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Blue Hydrogen Found Worse for Climate than Fossil Fuels (Alt. Fuel)
Cornell
Date: 2021-08-16
Blue hydrogen, an energy source that involves obtaining hydrogen by using methane in natural gas, is usually described as a "low-carbon option for generating electricity, powering vehicles, and even heating buildings." But researchers from Stanford and Cornell universities found that blue hydrogen's carbon footprint is more than 20 pct greater than that generated by natural gas or coal and around 60 pct higher than burning diesel oil for heat and causes more harm to the climate than conventional fossil fuels

"Blue hydrogen provides no benefit. We suggest that blue hydrogen is best viewed as a distraction, something than may delay needed action to truly decarbonize the global energy economy, in the same way that has been described for shale gas as a bridge fuel and for carbon capture and storage (CCS) in general."

"In the past, no effort was made to capture the carbon dioxide byproduct of gray hydrogen, and the greenhouse gas emissions have been huge. Now the industry promotes blue hydrogen as a solution, an approach that still uses the methane from natural gas, while attempting to capture the byproduct CO2", study co-author Robert Howarth noted.

The vast majority of hydrogen (96 pct) is generated from fossil fuels, particularly from steam methane reforming (SMR) of natural gas, but also from coal gasification. In SMR, heat, and pressure are used to convert the methane in natural gas to hydrogen and carbon dioxide. The hydrogen so produced is often referred to as "gray hydrogen" -- this type is responsible for 6 pct of all-natural gas consumption globally, the study notes.

Blue hydrogen is produced using the same reforming process that is used to create other types of hydrogen, but the CO2 that would ordinarily be released is captured and stored underground. As of 2021, there were only two blue-hydrogen facilities globally that used natural gas to produce hydrogen on a commercial scale, according to the study.

The full study is available HERE. (Source: Cornell University, PR, Aug., 2021) Contact: Cornell University, Robert Howarth, Dept. of Ecology and Evolutionary Biology, (607) 255-6175, howarth@cornell.edu, www.eeb.cornell.edu/howarth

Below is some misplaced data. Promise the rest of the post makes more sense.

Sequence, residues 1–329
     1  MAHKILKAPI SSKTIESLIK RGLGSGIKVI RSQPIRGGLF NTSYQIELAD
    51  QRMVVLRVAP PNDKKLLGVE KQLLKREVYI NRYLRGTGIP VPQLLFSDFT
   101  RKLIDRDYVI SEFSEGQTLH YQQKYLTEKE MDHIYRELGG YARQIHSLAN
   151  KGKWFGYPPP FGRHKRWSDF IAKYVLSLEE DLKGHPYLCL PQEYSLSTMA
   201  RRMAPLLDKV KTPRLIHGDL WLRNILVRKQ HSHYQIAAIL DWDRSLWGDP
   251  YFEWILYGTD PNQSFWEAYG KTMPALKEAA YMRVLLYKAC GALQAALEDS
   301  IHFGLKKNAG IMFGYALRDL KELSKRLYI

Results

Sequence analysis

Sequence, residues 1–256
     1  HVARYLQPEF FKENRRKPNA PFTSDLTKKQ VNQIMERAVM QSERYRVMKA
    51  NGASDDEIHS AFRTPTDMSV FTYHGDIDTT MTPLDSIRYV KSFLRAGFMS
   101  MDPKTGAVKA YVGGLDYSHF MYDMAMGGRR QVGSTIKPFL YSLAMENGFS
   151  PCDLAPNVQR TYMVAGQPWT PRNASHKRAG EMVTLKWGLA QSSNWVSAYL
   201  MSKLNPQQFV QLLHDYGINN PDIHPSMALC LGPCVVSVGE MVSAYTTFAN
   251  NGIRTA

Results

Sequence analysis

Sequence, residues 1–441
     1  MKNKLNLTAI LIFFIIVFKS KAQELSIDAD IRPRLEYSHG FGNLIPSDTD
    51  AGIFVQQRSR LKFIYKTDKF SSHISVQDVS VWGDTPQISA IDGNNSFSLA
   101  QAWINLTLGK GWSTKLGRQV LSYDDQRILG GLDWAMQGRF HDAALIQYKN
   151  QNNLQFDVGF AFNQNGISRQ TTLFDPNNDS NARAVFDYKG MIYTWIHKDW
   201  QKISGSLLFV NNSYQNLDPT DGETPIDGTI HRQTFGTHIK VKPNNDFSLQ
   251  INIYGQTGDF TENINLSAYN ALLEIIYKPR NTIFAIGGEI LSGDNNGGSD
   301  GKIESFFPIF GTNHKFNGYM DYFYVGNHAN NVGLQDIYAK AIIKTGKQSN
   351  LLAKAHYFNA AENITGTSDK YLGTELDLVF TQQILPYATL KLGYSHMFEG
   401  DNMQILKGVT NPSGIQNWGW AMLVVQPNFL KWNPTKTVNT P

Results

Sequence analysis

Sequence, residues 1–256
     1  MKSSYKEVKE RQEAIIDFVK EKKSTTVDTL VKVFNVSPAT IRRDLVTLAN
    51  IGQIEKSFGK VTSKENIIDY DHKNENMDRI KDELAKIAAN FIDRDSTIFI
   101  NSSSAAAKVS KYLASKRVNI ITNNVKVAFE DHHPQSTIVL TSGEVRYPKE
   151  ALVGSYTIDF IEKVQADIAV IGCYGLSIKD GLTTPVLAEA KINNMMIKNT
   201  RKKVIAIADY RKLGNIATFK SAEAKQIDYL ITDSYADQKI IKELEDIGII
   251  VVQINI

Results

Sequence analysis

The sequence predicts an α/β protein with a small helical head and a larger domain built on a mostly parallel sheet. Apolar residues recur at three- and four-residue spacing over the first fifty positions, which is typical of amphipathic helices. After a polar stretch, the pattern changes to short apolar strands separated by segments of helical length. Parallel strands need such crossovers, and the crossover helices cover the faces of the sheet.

More Low-Carbon Energy News Blue Hydrogen,  Alternative Fuel. Climate Change,  


Solar EV Startup Touts $48Mn Funding Round (Ind. Report)
Lightyear
Date: 2021-03-17
In the Netherlands, solar electric vehicle startup Lightyear is reporting it largest funding roud to date -- $48 million led by Zero Point Holding B.V. -- which will be used to support their growth and path towards the first customer deliveries of the company's first electric vehicle called the Lightyear One by the end of this year.

Lightyear One uses 5 square meters of integrated solar cells in the vehicles roof and hood and an efficient powertrain, high yield solar roof and an optimized thermal management system. for electric vehicles. The cells function independently, meaning they produce a higher yield compared to conventional solar cells, according to Lightyear. The Lightyear One can drive up to 55km (34 miles) per day on solar power alone.

Lightyear teamed up with Silicon Valley-based company SunPower Corporation, integrating the company's Maxeon solar cells onto conductive back sheet technology developed by Dutch life sciences company DSM. SunPower is an energy company that designs and manufactures crystalline silicon photovoltaic cells and solar panels based technology invented at Stanford University in California. (Source: Lightyear, PR, Mar., 2021) Contact: Lightyear, Lex Hoefsloot, CEO, www.lightyear.one

More Low-Carbon Energy News Solar,  


TOTAL, Partners Tout Next-Gen. CO2 Storage Simulator (Int'l. Report)
TOTAL,Stanford University,LLNL
Date: 2020-11-10
Paris-headquartered energy major Total , US DOE Lawrence Livermore National Laboratory (LLNL) and Stanford University have released GEOSX, an open source simulator for large-scale geological carbon dioxide (CO2) storage.

GEOSX was developed using advanced new technologies in high-performance computing and applied mathematics and aims to improve the management and safety of geological CO2 repositories. Its computing performance is unmatched to date. The open-source nature of GEOSX aims to ensure a high level of transparency, sharing and community support to pave the way for the large-scale development of Carbon Capture, Utilization and Storage (CCUS) technologies.

GEOSX is the first major outcome of the five-year FC-MAELSTROM research project launched in 2018 by Total, Stanford University School of Earth, Energy and Environmental Sciences, and LLNL. It draws on each partner's 20-plus years of expertise in simulation and high-performance computing research. GEOSX, www.geosx.org. (Source: TOTAL, PR, 10 Nov., 2020) Total Marie-Noelle Semeria, Total's Chief Technology Officer Media Relations: +33 1 47 44 46 99 l presse@total.com l @TotalPress Investor Relations: +44 (0)207 719 7962 l ir@total.com